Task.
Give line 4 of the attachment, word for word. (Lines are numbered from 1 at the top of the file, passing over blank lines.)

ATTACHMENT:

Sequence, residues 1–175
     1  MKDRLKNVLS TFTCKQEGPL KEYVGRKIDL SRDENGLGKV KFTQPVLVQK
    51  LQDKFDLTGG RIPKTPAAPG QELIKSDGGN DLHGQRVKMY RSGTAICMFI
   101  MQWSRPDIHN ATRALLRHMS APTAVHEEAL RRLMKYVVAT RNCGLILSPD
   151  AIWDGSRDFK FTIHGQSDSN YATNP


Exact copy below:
   101  MQWSRPDIHN ATRALLRHMS APTAVHEEAL RRLMKYVVAT RNCGLILSPD